The fourth part of the series will comprehensively introduce you to another common cyber vulnerability, broken authentication. The previous pieces in this series have covered injection vulnerabilities, buffer overflows, and sensitive data exposure.
What Is Broken Authentication?
Broken authentication is a broad category with various other security flaws bundled as a whole. Any security flaw generated due to an error in the implementation of authentication and session management falls under broken authentication. With such diversity, it is difficult to find common grounds between these vulnerabilities. But this is an evident security risk as OWASP list of 10 most critical web application security risks still rate “broken authentication,” formerly “broken authentication and session management” as No. 2 on their list. This list is updated regularly and yet, broken authentication risk has maintained its position .
These days, many websites ask their users to log in to avail access to its services. Usually, this login system possesses a username and an associated password. This pair of the right credentials generates a unique session ID for each of its account holders. It is combined to identify the unique identity of the associated user. If this isn’t implemented correctly, an impostor can misuse the situation.
In simpler words, broken authentication attacks allow the perpetrator to either gain access or bypass the user authentication system of a web application.
Five Identity Attacks Exploiting Broken Authentication
The integrity of traditional methods of storing usernames and passwords in a database can be considered to be broken authentication. Sensitive data are transferred to cloud applications, giving easy accessibility to its users to log in from anywhere. The accessible-anywhere feature is making it challenging for traditional methods to secure various potential vulnerable entry points.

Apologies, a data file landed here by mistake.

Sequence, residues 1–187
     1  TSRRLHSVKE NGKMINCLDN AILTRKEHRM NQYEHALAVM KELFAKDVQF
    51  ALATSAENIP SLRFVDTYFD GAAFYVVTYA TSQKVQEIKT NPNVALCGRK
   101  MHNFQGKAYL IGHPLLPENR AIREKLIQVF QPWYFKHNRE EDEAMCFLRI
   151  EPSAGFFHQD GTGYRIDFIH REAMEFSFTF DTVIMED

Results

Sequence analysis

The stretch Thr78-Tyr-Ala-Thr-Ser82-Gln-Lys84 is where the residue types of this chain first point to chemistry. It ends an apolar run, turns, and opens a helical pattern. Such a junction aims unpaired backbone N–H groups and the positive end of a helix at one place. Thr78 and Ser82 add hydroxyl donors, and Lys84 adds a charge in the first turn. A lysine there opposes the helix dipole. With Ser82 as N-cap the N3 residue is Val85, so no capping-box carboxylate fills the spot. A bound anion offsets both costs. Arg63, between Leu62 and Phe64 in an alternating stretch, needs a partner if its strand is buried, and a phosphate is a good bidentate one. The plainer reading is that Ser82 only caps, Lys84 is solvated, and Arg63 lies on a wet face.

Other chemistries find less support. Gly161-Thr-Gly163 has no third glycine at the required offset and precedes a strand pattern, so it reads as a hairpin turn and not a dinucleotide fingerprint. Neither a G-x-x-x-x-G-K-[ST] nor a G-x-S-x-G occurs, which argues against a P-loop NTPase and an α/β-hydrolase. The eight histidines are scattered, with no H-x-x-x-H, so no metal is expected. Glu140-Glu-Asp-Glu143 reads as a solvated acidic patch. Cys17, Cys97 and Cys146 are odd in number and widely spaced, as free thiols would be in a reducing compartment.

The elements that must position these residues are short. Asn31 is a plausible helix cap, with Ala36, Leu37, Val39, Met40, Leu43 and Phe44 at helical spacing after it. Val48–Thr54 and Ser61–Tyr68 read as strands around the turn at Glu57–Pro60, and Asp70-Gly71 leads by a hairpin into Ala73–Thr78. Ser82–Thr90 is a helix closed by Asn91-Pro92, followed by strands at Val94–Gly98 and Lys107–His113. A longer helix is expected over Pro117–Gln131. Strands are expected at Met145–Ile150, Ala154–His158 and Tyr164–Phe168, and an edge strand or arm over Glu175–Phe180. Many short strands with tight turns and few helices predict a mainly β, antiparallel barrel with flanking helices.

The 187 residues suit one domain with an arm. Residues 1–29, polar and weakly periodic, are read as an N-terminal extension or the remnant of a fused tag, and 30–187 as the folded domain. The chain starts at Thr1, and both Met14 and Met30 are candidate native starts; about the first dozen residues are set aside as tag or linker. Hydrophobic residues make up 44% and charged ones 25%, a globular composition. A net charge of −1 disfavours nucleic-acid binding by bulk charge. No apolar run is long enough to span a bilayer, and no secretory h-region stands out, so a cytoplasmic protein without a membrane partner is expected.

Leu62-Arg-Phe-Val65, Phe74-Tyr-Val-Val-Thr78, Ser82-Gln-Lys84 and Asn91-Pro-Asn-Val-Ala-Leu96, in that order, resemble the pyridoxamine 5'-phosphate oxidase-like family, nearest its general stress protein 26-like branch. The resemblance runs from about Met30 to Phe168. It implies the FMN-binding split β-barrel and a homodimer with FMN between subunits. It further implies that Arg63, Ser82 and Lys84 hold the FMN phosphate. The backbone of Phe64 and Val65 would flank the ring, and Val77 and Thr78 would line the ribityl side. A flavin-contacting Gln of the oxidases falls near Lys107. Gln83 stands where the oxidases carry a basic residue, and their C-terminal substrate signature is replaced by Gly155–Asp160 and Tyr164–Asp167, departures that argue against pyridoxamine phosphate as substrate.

These five identity attacks can exploit broken authentication and impact your organization negatively, discussed as follows:
1. Broad-based Phishing Campaigns
Gaining access to a few accounts, especially admin accounts, can compromise the entire organization’s data. This type of data compromises generally uses social engineering or phishing methods. Verizon’s 2019 Data Breach Investigations Report reveals that 29% (an approximate of one-third) of successful data breaches use stolen credentials to gain access to unauthorized accounts .
2. Spear Phishing Campaigns
Unlike broad-based campaigns, spear phishing is a targeted attack that requires research. Spear phishing focuses on small organizations with limited employees to evade automated filters. This small group is then targeted by the attacker using personal messages or malicious call-to-action rewards.
3. Credential Stuffing
It is a brute-force attack that gains advantage thanks to challenges that a user faces with maintaining different pairs of usernames and passwords for dozens of different websites. Cybercriminals use the compromised credentials to get access to other online accounts. Telesign Consumer Account Security Report highlights that 73% of online accounts can gain access to unauthorized accounts using duplicate passwords .
4. Password Spraying
Password Spraying is another form of brute-force attack. Under this attack, users using the most common passwords fall prey to attackers. These most often used passwords should match the complexity policy of the domain. So, instead of trying multiple passwords for the same account holder, the attacker uses the commonly used passwords for various users.
5. Man-in-the-Middle Attacks